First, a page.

For as long as I can remember, bath time has been one of my family’s most cherished rituals. Come about 6pm, wherever I find myself, I am usually ready to sink into a hot tub and relax and reboot before the evening unfolds. Sometimes (usually) this glorious hot water ceremony segues into snuggly jumpers in front of the fire, sometimes into more exotic night time activities; but as rituals go, and devotion to the art of cleansing and reviving, I am something of a master when it comes to the bath.
And so what goes in it is of utmost importance. I like to use oil because I find body cream a hassle and it usually makes me cold. A while ago I made some lavender and chamomile body lotion bars, which cut out the problems and melt happily onto your warm post-bath skin. But a new Neal’s Yard beauty book full to the brim with exciting starting points and a hankering for a dreamy homemade bath oil blend led me to make something new today and I think they will quickly replace store-bought bath oils in both my own tub and that of any friend whose home I find myself visiting.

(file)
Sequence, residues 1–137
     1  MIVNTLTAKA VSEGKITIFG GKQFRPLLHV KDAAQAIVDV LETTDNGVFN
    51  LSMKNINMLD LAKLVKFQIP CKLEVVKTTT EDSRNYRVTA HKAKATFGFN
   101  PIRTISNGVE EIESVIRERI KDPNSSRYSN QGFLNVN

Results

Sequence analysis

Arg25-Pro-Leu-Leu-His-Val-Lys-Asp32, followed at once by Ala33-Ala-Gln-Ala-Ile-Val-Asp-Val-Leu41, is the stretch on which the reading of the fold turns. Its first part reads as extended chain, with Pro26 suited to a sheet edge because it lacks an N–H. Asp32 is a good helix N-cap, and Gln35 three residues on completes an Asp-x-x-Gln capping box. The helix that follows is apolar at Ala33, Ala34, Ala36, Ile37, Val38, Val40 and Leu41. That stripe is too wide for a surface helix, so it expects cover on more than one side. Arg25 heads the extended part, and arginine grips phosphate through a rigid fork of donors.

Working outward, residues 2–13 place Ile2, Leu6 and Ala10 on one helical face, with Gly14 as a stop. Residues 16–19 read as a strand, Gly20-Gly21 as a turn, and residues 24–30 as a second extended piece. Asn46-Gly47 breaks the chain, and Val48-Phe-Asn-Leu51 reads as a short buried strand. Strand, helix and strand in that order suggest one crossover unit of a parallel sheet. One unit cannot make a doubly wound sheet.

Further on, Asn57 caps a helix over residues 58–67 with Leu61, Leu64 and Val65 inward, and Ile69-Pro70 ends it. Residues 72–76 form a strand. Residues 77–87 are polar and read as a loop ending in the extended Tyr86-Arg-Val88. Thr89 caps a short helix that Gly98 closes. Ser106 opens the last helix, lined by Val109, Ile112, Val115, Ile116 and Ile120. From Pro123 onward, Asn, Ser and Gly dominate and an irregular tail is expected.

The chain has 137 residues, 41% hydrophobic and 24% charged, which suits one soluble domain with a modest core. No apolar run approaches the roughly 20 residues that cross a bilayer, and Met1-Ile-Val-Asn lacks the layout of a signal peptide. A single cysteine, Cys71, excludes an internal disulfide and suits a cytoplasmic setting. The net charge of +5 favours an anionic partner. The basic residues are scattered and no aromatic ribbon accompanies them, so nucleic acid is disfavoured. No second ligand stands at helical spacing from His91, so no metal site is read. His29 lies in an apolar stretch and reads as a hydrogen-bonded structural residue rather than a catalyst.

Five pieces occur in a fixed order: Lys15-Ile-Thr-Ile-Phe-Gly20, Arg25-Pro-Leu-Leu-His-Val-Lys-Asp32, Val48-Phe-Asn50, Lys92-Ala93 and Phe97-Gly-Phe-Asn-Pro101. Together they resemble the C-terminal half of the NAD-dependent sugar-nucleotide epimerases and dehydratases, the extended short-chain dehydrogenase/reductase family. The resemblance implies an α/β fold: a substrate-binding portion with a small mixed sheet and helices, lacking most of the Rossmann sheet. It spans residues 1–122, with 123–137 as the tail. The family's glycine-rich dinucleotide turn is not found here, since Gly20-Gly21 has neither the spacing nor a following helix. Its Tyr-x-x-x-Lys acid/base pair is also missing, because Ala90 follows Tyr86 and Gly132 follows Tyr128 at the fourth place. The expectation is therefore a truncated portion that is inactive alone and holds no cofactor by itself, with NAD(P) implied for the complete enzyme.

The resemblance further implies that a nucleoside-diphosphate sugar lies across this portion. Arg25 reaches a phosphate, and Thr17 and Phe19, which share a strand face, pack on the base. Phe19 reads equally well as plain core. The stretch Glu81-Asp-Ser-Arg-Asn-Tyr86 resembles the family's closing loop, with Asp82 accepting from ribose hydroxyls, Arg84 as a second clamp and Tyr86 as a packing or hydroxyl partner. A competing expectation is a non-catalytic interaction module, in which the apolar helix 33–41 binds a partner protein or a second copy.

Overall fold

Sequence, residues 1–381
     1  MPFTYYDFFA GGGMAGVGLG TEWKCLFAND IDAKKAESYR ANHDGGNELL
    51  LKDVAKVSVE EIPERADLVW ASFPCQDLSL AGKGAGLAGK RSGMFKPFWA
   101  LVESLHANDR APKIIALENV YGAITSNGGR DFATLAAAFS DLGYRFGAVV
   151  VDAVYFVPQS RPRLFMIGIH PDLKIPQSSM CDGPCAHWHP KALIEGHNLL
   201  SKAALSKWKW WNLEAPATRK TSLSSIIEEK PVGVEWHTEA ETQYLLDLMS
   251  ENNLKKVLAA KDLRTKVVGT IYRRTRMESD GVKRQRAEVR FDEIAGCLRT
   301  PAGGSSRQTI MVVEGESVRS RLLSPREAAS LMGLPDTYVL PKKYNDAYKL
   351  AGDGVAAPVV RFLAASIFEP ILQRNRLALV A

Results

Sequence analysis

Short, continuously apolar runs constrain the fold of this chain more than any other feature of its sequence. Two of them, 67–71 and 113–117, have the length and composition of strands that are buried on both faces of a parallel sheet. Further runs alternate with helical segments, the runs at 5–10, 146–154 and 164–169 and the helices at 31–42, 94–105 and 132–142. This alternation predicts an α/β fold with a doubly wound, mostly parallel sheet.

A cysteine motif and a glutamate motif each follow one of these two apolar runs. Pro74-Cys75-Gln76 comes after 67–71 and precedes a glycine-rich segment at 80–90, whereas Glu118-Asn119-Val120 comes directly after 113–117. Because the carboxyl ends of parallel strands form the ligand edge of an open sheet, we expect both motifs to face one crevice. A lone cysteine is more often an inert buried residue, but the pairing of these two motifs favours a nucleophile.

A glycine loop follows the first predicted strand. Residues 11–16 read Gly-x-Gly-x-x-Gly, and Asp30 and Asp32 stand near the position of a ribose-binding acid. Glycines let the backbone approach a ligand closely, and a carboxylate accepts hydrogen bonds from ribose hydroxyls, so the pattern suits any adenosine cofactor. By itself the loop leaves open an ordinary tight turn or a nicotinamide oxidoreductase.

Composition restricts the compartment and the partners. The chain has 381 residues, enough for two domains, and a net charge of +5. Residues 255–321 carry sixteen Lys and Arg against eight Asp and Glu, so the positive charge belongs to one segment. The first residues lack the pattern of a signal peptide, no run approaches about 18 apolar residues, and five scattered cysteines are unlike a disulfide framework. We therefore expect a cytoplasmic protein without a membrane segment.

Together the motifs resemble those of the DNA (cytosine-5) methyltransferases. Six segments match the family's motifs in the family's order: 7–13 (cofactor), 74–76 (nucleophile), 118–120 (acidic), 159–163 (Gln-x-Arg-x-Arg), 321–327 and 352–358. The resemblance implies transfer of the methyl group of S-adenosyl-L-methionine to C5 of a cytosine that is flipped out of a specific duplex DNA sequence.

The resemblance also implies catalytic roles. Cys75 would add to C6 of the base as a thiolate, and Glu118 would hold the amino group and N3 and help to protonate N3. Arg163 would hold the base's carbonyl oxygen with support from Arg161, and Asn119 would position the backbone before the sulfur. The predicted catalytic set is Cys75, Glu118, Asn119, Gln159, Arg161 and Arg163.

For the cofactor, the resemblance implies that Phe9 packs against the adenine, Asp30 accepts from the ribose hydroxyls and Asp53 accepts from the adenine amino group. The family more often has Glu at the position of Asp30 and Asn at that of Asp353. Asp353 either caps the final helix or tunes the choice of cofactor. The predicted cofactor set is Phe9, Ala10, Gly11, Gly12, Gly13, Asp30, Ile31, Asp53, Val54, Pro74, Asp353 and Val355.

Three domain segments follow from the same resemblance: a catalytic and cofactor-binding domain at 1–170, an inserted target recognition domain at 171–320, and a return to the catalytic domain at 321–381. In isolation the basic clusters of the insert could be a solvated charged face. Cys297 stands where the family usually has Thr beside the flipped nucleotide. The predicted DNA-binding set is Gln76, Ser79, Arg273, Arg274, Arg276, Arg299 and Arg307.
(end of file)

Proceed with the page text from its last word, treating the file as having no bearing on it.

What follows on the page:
These otherworldly little truffles are so simple to make and yet deeply nourishing in a way that most cheaply-produced branded blends struggle to be: vitamin A-packed shea and cacao butter encourage the skin’s healing and regeneration processes and create a barrier of oils to protect from dryness, sweet almond oil softens and relieves any inflammation. A blend of sensual, uplifting ylang ylang and calming chamomile to allow the senses to soften and relax a little deeper is all we need to take us into dreamtime and wherever it may lead us.
You will need a small ice cube or chocolate mould, or you can use mini cupcake holders. The smaller the better as they don’t need to be huge.
Makes about 15 small melts
50g cacao butter
50g shea butter
1 tbsp sweet almond oil
6 drops chamomile essential oil
6 drops ylang ylang essential oil
In a bain marie, melt the shea and cacao butter until liquid. Remove from the heat and add the almond oil, stirring to cool the liquid while you mix it.
You don’t want to add the essential oils too soon as if the mixture is too hot they will evaporate and go to waste; so wait until the liquid is tepid before adding the chamomile and ylang ylang. Mix well and pour into moulds. Place in the fridge to set.
If you live in a hot climate you may want to keep these in the fridge, otherwise they should do well by the bath.
To use, simply melt one into your bath and allow the oils to work their magic. It’s a sweet opportunity for a little meditation; a nourishing moment to float into the present moment and leave the stories of the day behind.